Article Text

Download PDFPDF

Hospitalizations and healthcare costs associated with serious, non-lethal firearm-related violence and injuries in the United States, 1998–2011
  1. Jason L. Salemi1,
  2. Vikas Jindal2,
  3. Roneé E. Wilson3,
  4. Mulubrhan F. Mogos4,
  5. Muktar H. Aliyu5 and
  6. Hamisu M. Salihu1
  1. 1.Department of Family and Community Medicine, Baylor College of Medicine, Houston, Texas, USA
  2. 2.Department of Occupational Health, Kaiser Permanente, Lancaster, California, USA
  3. 3.Department of Epidemiology and Biostatistics, College of Public Health, University of South Florida, Tampa, Florida, USA
  4. 4.Department of Community Health Systems, School of Nursing, Indiana University, Indianapolis, Indiana, USA
  5. 5.Vanderbilt Institute for Global Health, Vanderbilt University,, Nashville, Tennesse, USA
  1. Corresponding Author: Jason L. Salemi, PhD, MPH Department of Family and Community Medicine 3701 Kirby Drive, Suite 600, Houston, TX 77098, USA Tel.: +713-798-4698 E-mail: Jason.Salemi{at}


Objective To describe the prevalence, trends, correlates, and short-term outcomes of inpatient hospitalizations for firearm-related injuries (FRIs) in the United States between 1998 and 2011.

Methods We conducted a retrospective, cross-sectional analysis of inpatient hospitalizations using data from the Nationwide Inpatient Sample. In addition to generating national prevalence estimates, we used survey logistic regression to calculate odds ratios (ORs) and 95% confidence intervals (CIs) for the association between FRIs and patient/hospital-level characteristics. Temporal trends were estimated and characterized using joinpoint regression.

Results There were 10.5 FRIs (95% CI: 9.2–11.8) per 10,000 non-maternal/neonatal inpatient hospitalizations, with assault accounting for 60.1% of FRIs, followed by unintentional/accidental (23.0%) and intentional/self-inflicted FRIs (8.2%). The highest odds of FRIs, particularly FRIs associated with an assault, was observed among patients 18–24 years of age, patients 14–17 years of age, patients with no insurance/self-pay, and non-Hispanic blacks. The mean inpatient length of stay for FRIs was 6.9 days; however, 4.7% of patients remained in the hospital over 24 days and 1 in 12 patients (8.2%) died before discharge. The mean cost of an inpatient hospitalization for a FRI was $22,149, which was estimated to be $679 million annually; approximately two-thirds of the annual cost (64.7%) was for assault ($439 million).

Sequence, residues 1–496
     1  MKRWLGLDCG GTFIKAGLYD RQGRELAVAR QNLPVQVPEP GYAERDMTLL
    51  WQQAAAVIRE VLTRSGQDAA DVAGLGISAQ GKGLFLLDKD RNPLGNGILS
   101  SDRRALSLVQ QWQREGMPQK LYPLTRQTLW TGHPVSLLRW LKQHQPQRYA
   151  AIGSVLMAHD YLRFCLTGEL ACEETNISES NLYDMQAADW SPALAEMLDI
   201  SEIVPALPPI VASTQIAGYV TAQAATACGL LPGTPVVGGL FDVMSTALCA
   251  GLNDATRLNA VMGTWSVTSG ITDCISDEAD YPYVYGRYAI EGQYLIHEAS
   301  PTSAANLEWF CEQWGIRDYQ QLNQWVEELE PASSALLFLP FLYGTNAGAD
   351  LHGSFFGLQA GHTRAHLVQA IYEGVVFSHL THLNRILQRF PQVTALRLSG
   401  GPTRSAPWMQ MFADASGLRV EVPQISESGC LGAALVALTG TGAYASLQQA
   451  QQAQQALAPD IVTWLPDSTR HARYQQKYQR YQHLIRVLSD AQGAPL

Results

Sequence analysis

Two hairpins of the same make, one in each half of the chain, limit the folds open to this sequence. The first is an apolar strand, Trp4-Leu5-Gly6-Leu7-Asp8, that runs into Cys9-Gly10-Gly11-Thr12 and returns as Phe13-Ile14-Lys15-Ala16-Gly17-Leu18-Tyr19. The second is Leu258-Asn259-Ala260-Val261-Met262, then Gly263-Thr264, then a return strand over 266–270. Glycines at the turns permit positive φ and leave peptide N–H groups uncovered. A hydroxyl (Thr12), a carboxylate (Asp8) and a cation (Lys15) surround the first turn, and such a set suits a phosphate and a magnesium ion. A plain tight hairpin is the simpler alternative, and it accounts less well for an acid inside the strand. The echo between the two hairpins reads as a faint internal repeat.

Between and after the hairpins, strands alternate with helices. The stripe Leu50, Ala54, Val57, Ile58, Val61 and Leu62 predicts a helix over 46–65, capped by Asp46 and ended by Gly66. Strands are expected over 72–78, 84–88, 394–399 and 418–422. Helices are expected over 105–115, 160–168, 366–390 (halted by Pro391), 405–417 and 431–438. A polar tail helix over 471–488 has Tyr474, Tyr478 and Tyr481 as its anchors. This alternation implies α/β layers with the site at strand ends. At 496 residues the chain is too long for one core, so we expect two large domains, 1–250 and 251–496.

Conclusions FRIs are a preventable public health issue which disproportionately impacts younger generations, while imposing significant economic and societal burdens, even in the absence of fatalities. Prevention of FRIs should be considered a priority in this era of healthcare cost containment.

  • Assault
  • cost
  • gunshot
  • firearms
  • hospitalization
  • intentional injury

This is an open-access article distributed under the terms of the Creative Commons Attribution 4.0 Unported License (CC BY-NC 4.0), which permits unrestricted use, distribution, and reproduction in any medium, provided the original author and source are credited. See

Statistics from

Request Permissions

If you wish to reuse any or all of this article please use the link below which will take you to the Copyright Clearance Center’s RightsLink service. You will be able to get a quick price and instant permission to reuse the content in many different ways.